When we got back to her place, I was on a high. I felt so good about completing it.  Mostly, it felt great doing the swim which I had been dreading.  It was my first lake swim ever, and I did okay.  Now, I discovered that my challenge would be the run.  It sounds like a short distance but, after the swim and bike portion, it’s really tough, especially in the heat.  But, running is one foot in front of the other and can be done with determination mixed with a little dizziness and nausea.

So, where are the stories of suffering that my previous posts have had that make you laugh, you ask?  Well, after lunch and a rest Danielle suggested that we walk back to the beach and do just a bit of swimming.  It was the main purpose of my visit after all.  Off we went with swim caps and goggles in hand on a sunny afternoon, among kids licking ice cream cones and families packing up their beach toys.  When we got in the water, it was a slightly better temperature than it was in the morning, but the water was choppy. So choppy that it was white capping.  Anxiety set in when I was chest deep.  I started to swim to the buoys as instructed.  She knew I was scared this time because I made no jokes about it.  I was very clear that she should be right beside me.  After about 20 strokes out, I saw a man in a rubber dingy with his daughter.  I heard him say to Danielle “she can hold on the boat if she needs to”.  That made my heart sink, because now he had confirmed what I was feeling.  I wasn’t doing well, I was panicking.  I had no timing, water was splashing all around me and I was sucking in water and coughing.  And now, it was beyond the point where I could stop and stand up and turn back to the beach.  I was about 50m from the buoy.  It was deep here and the panic was sucking all my energy.  After what seemed like an eternity, I got to the buoy and I couldn’t believe my eyes for a few reasons.  First, there was a dude out there, just hanging out in the water with these waves all around, throwing us back and forth. (Now remember, this is a recollection from a gal who thought she was going to drown.  Danielle assures me it wasn’t quite as bad as my description, but agrees it was very choppy water).  Second, I was now clutching this buoy for dear life that was 100m or more from the shore and all I could see were waves.  This part is hard to admit, especially for public reading but, I was in tears.  I was gripped with fear and panic and didn’t know how I was going to get out of the situation.  Kindly, the man and Danielle pried me off the buoy and took me by the underarms and swam with me for a bit.  Once we started back, it was a lot easier swimming because the waves were at my back instead of my face and I began to calm down and swim on my own.  I thanked the man and he went off, probably to tell his friends about the girl he saved in the lake.  We walked back to the house and I was really worrying.  Now, I had no confidence and all I could think was “what if it’s like that on race day”.  When we got home, I spoke with Matthew, who, as always,  calmed me down and told me that I needed more lake practice.  He said “you have the swimming skills now, all you need is a bit more lake practice to be able to overcome the fears you have in your mind about it”.  Once again, he was right.  So, since then, I’ve been back in the lake 3 more times.  Twice it was pretty wavy, so I didn’t go in the deep water, but got a better sense of what it feels like to be in rough water.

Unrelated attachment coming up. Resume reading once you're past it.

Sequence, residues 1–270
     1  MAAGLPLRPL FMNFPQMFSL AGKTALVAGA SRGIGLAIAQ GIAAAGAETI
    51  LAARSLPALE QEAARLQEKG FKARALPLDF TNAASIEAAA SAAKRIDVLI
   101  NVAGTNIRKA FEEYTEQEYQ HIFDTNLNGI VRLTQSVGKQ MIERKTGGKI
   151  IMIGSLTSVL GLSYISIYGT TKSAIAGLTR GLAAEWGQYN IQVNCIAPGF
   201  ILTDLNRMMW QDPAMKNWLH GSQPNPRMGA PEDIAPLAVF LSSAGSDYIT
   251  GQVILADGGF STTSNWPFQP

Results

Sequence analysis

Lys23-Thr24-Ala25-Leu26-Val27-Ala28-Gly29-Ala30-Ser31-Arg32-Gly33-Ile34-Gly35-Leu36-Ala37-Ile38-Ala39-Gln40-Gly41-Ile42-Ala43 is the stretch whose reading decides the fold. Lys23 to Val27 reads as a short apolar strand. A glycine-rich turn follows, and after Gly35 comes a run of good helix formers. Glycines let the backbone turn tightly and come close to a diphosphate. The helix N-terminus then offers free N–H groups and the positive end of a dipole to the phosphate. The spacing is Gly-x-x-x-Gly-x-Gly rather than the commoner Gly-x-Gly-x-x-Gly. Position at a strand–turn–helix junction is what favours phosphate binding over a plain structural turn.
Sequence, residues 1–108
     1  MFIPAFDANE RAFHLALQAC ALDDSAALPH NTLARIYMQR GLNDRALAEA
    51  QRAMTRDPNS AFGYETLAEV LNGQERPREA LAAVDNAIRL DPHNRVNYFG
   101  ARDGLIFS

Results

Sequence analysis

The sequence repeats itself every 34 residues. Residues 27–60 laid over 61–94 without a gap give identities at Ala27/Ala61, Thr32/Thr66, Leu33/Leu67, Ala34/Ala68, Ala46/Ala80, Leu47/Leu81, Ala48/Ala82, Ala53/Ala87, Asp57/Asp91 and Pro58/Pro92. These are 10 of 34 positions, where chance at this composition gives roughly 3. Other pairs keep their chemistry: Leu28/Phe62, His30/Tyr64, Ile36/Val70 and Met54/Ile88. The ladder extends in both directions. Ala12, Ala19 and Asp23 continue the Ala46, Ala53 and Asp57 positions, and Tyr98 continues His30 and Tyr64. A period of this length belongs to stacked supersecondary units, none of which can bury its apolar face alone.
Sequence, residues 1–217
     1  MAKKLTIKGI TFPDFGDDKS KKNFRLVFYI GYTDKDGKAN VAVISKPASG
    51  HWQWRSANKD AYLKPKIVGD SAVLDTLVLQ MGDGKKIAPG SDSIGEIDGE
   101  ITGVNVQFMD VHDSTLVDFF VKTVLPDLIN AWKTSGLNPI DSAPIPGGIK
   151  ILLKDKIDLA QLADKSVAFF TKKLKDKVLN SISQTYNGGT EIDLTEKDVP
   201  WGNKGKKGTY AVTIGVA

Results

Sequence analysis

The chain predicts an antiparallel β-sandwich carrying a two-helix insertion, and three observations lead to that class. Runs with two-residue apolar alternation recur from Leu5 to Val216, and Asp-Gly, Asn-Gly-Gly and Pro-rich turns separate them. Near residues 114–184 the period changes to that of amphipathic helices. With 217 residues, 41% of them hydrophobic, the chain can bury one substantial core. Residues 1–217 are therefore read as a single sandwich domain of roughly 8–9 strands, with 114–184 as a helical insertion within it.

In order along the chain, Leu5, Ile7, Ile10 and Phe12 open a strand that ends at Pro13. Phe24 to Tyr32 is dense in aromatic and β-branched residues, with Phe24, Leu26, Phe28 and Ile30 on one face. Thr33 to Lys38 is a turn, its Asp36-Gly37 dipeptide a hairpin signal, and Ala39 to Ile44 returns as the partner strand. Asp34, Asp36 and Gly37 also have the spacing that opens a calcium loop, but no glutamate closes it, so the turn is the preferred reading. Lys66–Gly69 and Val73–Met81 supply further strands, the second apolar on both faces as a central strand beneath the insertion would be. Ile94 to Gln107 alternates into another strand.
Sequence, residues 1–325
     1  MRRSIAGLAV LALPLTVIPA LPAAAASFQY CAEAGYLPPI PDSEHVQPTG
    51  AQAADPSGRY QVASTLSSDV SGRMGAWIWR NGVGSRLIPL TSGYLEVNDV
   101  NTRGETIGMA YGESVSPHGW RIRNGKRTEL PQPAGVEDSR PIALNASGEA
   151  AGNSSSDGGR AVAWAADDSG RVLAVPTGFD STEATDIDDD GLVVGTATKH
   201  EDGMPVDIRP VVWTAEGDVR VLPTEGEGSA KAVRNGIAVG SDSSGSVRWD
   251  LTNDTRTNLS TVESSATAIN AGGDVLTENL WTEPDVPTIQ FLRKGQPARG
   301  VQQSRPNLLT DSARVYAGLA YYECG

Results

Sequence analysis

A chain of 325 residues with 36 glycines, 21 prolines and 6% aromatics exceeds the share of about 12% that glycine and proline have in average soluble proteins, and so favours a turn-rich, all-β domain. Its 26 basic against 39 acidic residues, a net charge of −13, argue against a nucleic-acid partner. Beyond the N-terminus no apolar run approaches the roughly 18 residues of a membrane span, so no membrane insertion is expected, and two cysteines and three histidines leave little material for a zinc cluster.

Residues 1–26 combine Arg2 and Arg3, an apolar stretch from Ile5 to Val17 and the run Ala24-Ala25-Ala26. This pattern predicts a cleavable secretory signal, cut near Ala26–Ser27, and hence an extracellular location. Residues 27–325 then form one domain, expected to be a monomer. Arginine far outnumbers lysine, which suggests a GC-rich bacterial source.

Yesterday, I went to the spot on Toronto Island where the triathlon is being held and did a big swim.  The water was calm and fairly warm, so I’m feeling okay.  I still have moments of panic when I think about the swim and huge race before me.  It usually sneaks up when I’m on the couch watching TV or sitting rocking my little guy to sleep.  I’m working on putting those fears to rest so that I can feel excited and proud of all that I’ve achieved this year.

I truly never thought I would do anything like this and now the time has come.  The race is August 25 at 8am.  I need to do a 400m swim, a 10km bike and a 2.5km run.  I have no idea what my time will be, and even though the race isn’t over, I have done what I set out to do.  I trained for a triathlon and put it to good use by raising money for wonderful cause.  If you have enjoyed my stories and found an ounce of inspiration, and would like to donate, please click the link and donate what you can.